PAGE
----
These days they listen to a band called Mindless Behavior. Don’t you love the name? Now that I think about it, I believe they relate to the name of the band ‘Mindless Behavior’ more than their songs, but what do I know? Anyway, this band, Mindless Behavior is made up of four sweet, thirteen year old boys who have extremely fun dance moves. The song that my kids love is ‘Where is Mrs Right? I want to meet her, travel all across the world just to see her….!’ The music video shows a Geography class, the geography teacher pulls down a map to teach the kids about different countries. All of a sudden, our four, young friends feel the need to go to Switzerland, Japan etc to look for Mrs. Right…..at age thirteen!!! My kids have been singing this song non-stop. They sing four lines, and then start from the beginning and sing those four lines again, and again and again and….till I scream “STOP THAT, NOW!!!”. When she sees poor Mom has reached her limit for tolerance, Sahana quickly puts on Yo Yo Ma to calm my nerves. It works.

But my husband doesn’t get to hear the various renditions of this song since he is mostly at work or traveling. So the other day, we were coming back from some sporting activity, the kids started singing the dreaded song of finding Mrs. Right! It would be tough for me to really write down how they sang the song but I will try.

Where is Mrs.Riii I gotta see haaaaa(her)
Travel all acos (across) the wol (world) jus (just) to mee’ (meet) haaa (her)
Get me on a fliii (flight) I gotta see haaaa
Travel all acos the worl’ jus’ to mee haaa.
Travel to LA and maybe to the Bay,
Come to Chi-Town, she mi’ (might) be out the states,
Book a fliii to London, book a fliii to France,
Cawe (Can we) go to Switzerland, cawe (can we) hit Japan?

After hearing mee haaa, see haaa, and the word Japan a few times, Sean, his chest puffed up with fatherly pride, asked me with sweet innocence, ‘Wow, they are singing a Japanese song? Where did they learn that?’ Amidst the cacophony that they themselves were creating, this comment was heard by the singers. Indignation, disbelief! Is daddy for real? A torrent of words like this followed, ‘Dad, what do you mean Japanese? It is a hit song from Mindless behavior, you don’t know anything about modern music…..’ and it went on and on. I sat back, relaxed and let the spouse take the beating! Oh, honey! You need a crash course in modern pop music that your children listen to. Can you please drive them around to their activities….. at least for a week?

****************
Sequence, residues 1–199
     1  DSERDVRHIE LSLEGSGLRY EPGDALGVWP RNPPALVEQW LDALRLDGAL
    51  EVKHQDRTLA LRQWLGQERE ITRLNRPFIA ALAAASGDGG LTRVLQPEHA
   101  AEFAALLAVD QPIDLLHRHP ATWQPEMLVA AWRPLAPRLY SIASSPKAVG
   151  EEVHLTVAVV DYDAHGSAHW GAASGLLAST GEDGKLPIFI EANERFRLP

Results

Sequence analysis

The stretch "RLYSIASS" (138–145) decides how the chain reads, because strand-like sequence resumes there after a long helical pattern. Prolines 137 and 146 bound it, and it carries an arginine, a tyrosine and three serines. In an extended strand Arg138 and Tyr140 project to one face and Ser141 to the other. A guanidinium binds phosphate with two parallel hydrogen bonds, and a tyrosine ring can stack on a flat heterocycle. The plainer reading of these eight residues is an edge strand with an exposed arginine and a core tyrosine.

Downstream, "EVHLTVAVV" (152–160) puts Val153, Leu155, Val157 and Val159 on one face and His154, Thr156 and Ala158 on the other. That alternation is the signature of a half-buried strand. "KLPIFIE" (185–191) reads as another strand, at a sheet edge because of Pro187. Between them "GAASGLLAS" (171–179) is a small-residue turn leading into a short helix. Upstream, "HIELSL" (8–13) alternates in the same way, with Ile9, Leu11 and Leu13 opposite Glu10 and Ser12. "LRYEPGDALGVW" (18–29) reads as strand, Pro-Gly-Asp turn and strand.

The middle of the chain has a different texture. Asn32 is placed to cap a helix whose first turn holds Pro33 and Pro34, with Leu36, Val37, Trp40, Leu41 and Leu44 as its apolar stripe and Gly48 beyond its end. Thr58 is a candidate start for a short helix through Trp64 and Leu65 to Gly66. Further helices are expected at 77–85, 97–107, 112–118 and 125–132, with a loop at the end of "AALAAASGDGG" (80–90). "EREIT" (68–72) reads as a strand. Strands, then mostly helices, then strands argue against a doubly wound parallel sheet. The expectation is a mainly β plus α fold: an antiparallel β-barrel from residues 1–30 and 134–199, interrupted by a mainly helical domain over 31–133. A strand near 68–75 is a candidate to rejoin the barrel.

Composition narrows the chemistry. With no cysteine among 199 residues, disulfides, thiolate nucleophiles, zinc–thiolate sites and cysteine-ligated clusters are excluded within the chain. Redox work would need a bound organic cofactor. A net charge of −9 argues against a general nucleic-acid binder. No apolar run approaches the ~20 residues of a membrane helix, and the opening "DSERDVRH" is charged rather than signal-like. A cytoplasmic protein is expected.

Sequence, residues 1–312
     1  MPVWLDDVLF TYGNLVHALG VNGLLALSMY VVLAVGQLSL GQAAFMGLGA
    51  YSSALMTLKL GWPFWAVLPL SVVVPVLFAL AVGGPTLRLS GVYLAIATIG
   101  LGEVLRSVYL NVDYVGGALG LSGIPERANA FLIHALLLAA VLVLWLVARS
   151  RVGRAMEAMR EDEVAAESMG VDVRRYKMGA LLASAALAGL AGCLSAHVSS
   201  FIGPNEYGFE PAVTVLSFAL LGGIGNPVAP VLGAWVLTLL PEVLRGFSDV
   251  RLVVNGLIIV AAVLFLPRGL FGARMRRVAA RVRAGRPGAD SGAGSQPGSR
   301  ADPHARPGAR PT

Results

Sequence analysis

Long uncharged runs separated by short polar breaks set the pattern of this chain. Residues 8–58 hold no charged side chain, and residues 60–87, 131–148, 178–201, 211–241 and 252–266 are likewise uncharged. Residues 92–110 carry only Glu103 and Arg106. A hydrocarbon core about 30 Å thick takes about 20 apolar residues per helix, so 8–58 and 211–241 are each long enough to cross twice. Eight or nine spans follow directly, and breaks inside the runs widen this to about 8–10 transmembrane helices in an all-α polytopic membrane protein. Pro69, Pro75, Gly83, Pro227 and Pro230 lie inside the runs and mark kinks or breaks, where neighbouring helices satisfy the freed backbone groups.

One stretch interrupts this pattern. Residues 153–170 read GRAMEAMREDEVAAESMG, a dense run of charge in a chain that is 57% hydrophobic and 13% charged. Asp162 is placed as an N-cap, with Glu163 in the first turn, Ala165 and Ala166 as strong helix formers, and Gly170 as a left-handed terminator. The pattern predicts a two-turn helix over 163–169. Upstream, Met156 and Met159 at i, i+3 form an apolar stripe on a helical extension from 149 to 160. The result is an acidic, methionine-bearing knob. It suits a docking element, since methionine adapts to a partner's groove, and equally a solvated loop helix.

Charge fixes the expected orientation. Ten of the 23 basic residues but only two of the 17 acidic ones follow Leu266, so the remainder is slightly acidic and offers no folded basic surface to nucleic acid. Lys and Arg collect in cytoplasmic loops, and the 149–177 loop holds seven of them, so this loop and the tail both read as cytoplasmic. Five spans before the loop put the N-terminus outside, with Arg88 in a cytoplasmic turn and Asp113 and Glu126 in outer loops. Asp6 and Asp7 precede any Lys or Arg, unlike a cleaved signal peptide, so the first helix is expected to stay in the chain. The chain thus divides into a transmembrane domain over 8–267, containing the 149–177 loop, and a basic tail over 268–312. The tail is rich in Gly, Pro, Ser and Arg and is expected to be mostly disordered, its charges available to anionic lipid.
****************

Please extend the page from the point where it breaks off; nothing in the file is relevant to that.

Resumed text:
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3 Responses to The Japanese song.

  1. Arunima Das says:

    Looking for Mrs Right sounds like a wonderful song!

  2. Madammommy says:

    Ummmm…I would rather my kids wait till they are….26! But it is a fun song. Check it out on youtube.

  3. Gautam Datta says:

    New generation with their new outlook and all choices can’t match with their perents.This is inevitable so parents please accept it to some extent which they feel innocent to them and try to impose your good ideology to your children slowly with a thought that what you was at their age and what your parents did.